In this section, we proceed with the procedure of the construction of the highrate regular (QCLDPC) codes through the following three steps: (1) Construct an n×n EG code and transform it into a proper form. (2) Utilize the transformed EG code matrix to construct an auxiliary matrix for identifying 6cycles of it. (3) Eliminate the 6cycles.
Decomposition of EG code matrix
Following [9], we can construct a n×n Euclidean geometry code W over the field EG(m=2,2^{s}), where n=2^{ms}−1. The constructed matrix W which is cyclic can be expressed by its first row w=(ω_{0},ω_{1},…,ω_{n−1}) as:
For simplicity, we define an operation Ψ to represent:
which implies that each row of the cyclic matrix W has the identical weight.
We assume that the positive integer n can be factored as n=c×b where b≠1 and c≠1 are positive integers with b being odd throughout the rest of this paper. Define the subset:
Thus, the set \(\mathcal {L}=\{0\,,1\,,2\,,\ldots \,,c \cdot b1 \}\) can be partitioned into:
where we define π^{(0)}+i={i,c+i,2c+i,…,(b−1)c+i} for i=0,1,…,c−1. We use π to denote the partition of the indices in \(\mathcal {L}\) defined in (7) for the rest of this paper. Using this partitioning, we obtain a b×n quasicyclic matrix H_{qc} as:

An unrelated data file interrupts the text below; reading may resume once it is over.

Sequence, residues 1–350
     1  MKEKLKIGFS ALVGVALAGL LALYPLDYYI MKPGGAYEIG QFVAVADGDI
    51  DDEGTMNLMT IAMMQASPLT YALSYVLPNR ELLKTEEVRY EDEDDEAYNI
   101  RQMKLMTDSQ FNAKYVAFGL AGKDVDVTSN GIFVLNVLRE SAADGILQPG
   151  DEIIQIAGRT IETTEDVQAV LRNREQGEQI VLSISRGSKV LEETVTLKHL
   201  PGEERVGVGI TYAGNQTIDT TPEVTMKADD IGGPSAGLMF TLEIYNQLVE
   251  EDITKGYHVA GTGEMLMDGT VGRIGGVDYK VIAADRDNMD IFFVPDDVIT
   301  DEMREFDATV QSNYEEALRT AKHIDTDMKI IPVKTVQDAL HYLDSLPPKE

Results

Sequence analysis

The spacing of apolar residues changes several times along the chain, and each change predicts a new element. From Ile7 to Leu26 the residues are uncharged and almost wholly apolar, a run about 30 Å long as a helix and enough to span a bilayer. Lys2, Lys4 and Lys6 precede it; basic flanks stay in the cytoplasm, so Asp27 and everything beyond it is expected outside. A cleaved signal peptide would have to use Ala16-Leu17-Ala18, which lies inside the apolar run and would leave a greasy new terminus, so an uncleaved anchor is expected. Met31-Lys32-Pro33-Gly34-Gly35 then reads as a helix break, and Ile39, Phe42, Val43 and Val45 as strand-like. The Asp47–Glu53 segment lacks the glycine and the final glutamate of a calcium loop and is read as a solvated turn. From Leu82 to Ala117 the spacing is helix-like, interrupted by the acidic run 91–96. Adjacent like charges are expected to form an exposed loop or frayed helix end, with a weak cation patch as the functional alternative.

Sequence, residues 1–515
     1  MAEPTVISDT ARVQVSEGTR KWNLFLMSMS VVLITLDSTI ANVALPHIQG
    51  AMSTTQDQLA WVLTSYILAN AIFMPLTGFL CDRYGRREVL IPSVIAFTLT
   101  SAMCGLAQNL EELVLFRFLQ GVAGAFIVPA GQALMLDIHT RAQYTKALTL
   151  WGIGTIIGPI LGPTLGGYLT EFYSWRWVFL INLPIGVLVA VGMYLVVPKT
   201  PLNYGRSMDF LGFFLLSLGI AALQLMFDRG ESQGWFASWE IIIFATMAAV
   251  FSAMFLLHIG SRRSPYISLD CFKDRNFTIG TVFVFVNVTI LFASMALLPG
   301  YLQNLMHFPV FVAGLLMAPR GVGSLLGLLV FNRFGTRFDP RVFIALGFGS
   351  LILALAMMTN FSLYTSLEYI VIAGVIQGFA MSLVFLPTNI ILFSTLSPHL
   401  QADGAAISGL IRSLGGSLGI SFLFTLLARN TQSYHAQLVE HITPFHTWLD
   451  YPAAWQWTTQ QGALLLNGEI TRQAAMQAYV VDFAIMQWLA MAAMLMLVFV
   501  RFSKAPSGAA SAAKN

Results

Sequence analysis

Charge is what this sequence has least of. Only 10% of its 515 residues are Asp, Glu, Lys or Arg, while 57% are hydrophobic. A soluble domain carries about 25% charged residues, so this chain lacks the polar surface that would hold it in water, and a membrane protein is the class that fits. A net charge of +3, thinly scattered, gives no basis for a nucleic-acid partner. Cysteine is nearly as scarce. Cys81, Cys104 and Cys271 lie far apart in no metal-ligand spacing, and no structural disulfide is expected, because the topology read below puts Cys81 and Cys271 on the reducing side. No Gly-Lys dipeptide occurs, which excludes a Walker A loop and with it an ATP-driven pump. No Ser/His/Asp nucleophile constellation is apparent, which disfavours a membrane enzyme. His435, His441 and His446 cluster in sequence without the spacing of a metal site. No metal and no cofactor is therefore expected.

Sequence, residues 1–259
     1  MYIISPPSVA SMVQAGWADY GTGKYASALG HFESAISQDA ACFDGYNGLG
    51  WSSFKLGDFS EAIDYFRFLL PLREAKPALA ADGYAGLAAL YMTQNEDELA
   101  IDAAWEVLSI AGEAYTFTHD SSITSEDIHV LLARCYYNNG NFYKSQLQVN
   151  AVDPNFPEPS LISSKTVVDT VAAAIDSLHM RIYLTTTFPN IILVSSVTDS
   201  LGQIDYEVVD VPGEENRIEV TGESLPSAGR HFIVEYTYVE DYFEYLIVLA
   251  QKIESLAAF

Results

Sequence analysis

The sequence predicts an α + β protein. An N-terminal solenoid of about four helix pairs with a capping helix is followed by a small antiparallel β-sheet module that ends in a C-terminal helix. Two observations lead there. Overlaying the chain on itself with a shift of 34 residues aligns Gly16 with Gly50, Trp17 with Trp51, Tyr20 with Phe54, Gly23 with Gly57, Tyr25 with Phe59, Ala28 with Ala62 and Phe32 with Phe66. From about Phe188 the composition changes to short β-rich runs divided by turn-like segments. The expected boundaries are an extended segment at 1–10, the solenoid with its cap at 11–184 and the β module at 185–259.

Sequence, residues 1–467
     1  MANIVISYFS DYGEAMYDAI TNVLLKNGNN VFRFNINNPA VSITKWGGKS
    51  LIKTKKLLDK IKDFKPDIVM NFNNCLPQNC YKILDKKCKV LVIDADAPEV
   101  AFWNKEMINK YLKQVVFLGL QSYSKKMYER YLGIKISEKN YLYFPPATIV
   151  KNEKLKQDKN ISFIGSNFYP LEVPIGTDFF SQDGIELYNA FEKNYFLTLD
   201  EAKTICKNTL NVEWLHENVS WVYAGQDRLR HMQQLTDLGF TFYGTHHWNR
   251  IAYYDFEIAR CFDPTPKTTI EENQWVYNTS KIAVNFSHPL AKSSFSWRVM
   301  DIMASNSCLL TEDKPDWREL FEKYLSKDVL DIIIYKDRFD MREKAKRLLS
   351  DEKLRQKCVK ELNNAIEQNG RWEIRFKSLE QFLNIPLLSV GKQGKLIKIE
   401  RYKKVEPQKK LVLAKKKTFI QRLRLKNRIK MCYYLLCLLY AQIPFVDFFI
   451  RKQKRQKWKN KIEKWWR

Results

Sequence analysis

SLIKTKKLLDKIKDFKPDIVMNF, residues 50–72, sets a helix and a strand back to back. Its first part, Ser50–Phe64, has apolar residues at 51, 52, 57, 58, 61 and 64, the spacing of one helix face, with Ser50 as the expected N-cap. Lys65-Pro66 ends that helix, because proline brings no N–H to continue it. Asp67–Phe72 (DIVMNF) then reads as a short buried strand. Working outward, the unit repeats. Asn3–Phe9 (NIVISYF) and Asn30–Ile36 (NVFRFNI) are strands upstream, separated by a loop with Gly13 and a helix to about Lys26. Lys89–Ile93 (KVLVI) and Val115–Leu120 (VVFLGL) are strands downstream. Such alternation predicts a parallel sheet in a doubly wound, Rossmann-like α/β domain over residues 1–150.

Let r_{i} represent the row weight of Ψ(w_{i}) for i=0,1,2,…,c−1 respectively. Choosing a positive integer 1≤λ< maxi=0,1,…,c−1{r_{i}}, we eliminate all the Ψ(w_{k}) (0≤k≤c−1) whose row weights are less than λ from the set:
The resulting subset comprised of Ψ(w_{i})’s in (9) whose row weights are greater than or equal to λ is therefore represented as:
It follows \(r_{i_{k}} \geq \lambda \) for 0≤k≤k_{1}−1. Since the row weight of H_{qc} defined in (8) is 2^{s}, we choose the parameter λ satisfying c<2^{s}/λ that ensures the subset (10) is not a null set.
We define a b×bk_{1} matrix Hqc′ as:
Identifying the 6cycles
In this section, we develop a procedure to eliminate 6cycles in (11). For this purpose, without loss generality, we assume that we are given:
where the row weight r_{i} of Ψ(v_{i}) for each i satisfying 0≤i≤k−1 is at least λ which is described in the previous section. The vector v_{i} with 0≤i≤k−1 is:
The first row of (12) is therefore equal to:
In order to eliminate 6cycles, we transform matrix (12) into a new matrix of form (17). This leads us to introduce the operation φ which is defined as:
Therefore, we transform (14) into:
The transformation \(\mathcal {T}\) maps \(\hat {\mathbf {h}}\) in (16) to a b×(kb+b−1) matrix is defined as:
Examing (17), we see that the first row of \(\mathcal {T}(\hat {\mathbf {h}})\) is obtained through adding b−1 zeros to the end of the vector \(\hat {\mathbf {h}}\). Each of the rest rows of \(\mathcal {T}(\hat {\mathbf {h}})\) is the circular shift of the row above it.
The set \(L(\hat {\mathbf {h}})\) comprised of the indices corresponding to the nonzero entries of \(\hat {\mathbf {h}}\) in (16) is defined as: